Distracted Driving News: NJ Transit Worker Caught Texting While Operating Train

12/06/2010 // West Palm Beach, FL, US // Sandra Quinlan // Sandra Quinlan

Newark, NJ—New Jersey Transit authorities fired a train conductor after a passenger filmed the employee texting on the job just over a week ago. According to a Dec. 1, 2010 WPIX report, a rider caught the transit worker texting with both hands as he/she operated the locomotive on the Light Rail system.

The incident yet again brings light to the dangers of distracted driving, which was cited as a factor in nearly 20 percent of all crashes in 2008, the National Highway Traffic Safety Administration (NHTSA) said.

An unidentified rider witnessed the conductor, who also remained unidentified, using both hands to text as he/she operated the train from the Branch Brook Park Station toward downtown Newark. That rider filmed the train operator’s careless actions and sent the footage to PIX News.

One displeased rider who watched the video contended, “It’s an outrage. Our life is in their hands… There could be an accident at any second and they’re looking down and won’t be able to control what’s happening.”

The transit employee was subsequently discharged from his/her position as a conductor. NJ transit released a statement in connection with the disturbing incident, which read in part:

“It is a clear violation of transit policy and it is against the law. The operator was immediately taken out of service and has been suspended indefinitely without pay.”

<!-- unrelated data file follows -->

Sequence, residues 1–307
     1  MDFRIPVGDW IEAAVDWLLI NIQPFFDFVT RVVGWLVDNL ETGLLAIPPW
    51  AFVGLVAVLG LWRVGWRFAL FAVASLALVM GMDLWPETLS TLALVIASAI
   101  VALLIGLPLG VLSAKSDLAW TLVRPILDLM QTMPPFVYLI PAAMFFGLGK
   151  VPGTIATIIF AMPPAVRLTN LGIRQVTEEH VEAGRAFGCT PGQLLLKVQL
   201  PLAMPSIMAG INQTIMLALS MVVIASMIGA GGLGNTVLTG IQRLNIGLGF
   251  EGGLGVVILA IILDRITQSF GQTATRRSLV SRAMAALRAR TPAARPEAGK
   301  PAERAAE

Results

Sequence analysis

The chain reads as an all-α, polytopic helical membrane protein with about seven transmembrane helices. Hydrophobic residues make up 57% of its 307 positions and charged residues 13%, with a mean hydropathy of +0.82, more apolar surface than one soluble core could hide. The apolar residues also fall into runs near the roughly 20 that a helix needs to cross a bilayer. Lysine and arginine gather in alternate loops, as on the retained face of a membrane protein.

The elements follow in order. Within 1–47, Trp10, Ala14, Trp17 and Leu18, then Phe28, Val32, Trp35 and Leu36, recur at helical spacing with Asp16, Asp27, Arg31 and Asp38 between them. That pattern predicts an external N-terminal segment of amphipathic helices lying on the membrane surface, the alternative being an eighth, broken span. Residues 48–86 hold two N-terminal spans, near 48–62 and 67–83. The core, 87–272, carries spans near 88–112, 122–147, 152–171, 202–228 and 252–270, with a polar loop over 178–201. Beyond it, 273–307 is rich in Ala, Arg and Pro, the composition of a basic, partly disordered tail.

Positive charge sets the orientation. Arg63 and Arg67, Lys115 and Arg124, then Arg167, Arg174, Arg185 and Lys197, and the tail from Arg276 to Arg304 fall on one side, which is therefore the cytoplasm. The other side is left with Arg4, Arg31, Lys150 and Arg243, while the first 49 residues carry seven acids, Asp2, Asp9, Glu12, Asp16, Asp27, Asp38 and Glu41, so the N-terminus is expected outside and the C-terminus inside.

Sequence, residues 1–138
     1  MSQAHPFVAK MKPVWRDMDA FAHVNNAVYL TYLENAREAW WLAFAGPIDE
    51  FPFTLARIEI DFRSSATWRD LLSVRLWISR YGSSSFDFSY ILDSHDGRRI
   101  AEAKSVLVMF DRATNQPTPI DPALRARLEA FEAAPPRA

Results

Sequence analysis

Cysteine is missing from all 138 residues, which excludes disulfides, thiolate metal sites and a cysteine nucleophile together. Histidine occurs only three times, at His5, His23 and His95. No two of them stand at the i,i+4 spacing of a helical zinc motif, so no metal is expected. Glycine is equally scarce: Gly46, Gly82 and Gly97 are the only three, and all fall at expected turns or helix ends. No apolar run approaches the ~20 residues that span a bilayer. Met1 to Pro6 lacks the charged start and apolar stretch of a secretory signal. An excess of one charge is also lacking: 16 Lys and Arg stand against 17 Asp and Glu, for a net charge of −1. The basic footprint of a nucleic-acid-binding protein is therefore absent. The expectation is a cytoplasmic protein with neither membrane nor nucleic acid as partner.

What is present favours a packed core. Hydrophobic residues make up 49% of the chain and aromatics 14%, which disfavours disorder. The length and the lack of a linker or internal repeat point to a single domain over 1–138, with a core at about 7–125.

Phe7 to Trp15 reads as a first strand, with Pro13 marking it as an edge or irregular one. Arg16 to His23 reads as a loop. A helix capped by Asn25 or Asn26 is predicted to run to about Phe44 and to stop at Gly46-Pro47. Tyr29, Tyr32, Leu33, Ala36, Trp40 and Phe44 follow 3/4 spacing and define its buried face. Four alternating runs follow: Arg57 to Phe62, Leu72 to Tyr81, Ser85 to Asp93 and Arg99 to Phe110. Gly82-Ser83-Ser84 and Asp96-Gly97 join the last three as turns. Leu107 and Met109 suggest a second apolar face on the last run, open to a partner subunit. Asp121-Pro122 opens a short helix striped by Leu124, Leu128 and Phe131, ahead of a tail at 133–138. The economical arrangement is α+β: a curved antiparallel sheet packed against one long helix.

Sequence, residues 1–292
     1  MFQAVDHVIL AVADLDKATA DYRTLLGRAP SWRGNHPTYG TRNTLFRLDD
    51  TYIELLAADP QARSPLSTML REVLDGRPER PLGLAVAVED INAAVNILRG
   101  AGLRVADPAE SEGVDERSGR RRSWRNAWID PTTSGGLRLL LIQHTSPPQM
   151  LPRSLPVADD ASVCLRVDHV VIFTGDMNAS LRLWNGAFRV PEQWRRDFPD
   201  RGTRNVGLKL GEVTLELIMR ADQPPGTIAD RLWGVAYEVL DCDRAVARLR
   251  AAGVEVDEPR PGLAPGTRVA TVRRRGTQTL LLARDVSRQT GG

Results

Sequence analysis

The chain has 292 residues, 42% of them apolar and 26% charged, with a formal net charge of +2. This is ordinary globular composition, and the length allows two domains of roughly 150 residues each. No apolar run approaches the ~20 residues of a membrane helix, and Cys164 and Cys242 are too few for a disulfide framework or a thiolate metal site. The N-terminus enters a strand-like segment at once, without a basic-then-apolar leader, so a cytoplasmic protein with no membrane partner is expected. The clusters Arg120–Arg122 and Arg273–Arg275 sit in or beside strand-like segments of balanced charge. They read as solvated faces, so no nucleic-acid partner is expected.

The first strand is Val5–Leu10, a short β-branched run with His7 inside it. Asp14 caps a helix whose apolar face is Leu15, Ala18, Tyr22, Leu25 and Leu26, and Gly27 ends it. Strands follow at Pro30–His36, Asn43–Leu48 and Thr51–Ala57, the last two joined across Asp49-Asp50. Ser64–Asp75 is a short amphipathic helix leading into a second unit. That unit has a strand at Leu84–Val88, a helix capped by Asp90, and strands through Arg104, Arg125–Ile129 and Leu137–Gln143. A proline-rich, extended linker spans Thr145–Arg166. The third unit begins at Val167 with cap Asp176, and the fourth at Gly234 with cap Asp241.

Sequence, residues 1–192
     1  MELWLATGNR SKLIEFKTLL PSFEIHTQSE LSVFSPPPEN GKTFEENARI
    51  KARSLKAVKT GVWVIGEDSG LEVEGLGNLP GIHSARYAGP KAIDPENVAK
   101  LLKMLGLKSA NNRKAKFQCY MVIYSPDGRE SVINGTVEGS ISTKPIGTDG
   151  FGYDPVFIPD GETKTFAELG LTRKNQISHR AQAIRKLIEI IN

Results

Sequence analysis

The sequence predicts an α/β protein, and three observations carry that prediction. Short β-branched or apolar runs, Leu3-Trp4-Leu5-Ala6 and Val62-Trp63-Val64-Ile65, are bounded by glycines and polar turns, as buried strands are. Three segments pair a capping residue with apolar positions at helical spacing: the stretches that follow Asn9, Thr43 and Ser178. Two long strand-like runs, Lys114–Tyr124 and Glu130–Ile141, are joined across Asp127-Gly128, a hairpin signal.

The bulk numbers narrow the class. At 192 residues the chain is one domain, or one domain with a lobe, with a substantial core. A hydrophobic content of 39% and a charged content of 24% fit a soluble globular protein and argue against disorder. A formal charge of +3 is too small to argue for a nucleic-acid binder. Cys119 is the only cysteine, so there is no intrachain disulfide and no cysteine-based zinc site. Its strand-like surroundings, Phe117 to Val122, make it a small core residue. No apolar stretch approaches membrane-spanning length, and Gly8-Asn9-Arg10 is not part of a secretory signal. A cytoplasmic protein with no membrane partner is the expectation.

Hand-held devices have notably caused problems among drivers and public transit employees alike. According to the Insurance Institute for Highway Safety, motorists who use hand-held devices while driving are four times as likely to become involved in accidents severe enough to cause injury.

Cell phone use was not the only form of distraction cited in preventable crashes, however. Eating, drinking, and conversing with passengers, along with the use of GPS systems and other electronic devices, can also cause motorists to become distracted on the road.

NHTSA statistics show there were 5,870 traffic fatalities and an estimated 515,000 injuries related to driver distraction in 2008.

During that same year, a Metrolink train collided with a freight train in California. The train wreck claimed 25 lives and left 135 victims with various injuries.

A full probe into that particular wreck determined that the Metrolink locomotive’s conductor was texting right before he ran through a red light and crashed into the freight train.

For more information on distracted driving, please visit the following U.S. Department of Transportation website.

Legal News Reporter: Sandra Quinlan– Legal News for Personal Injury Lawyers.

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Url: Sandra Quinlan: West Palm Beach Injury News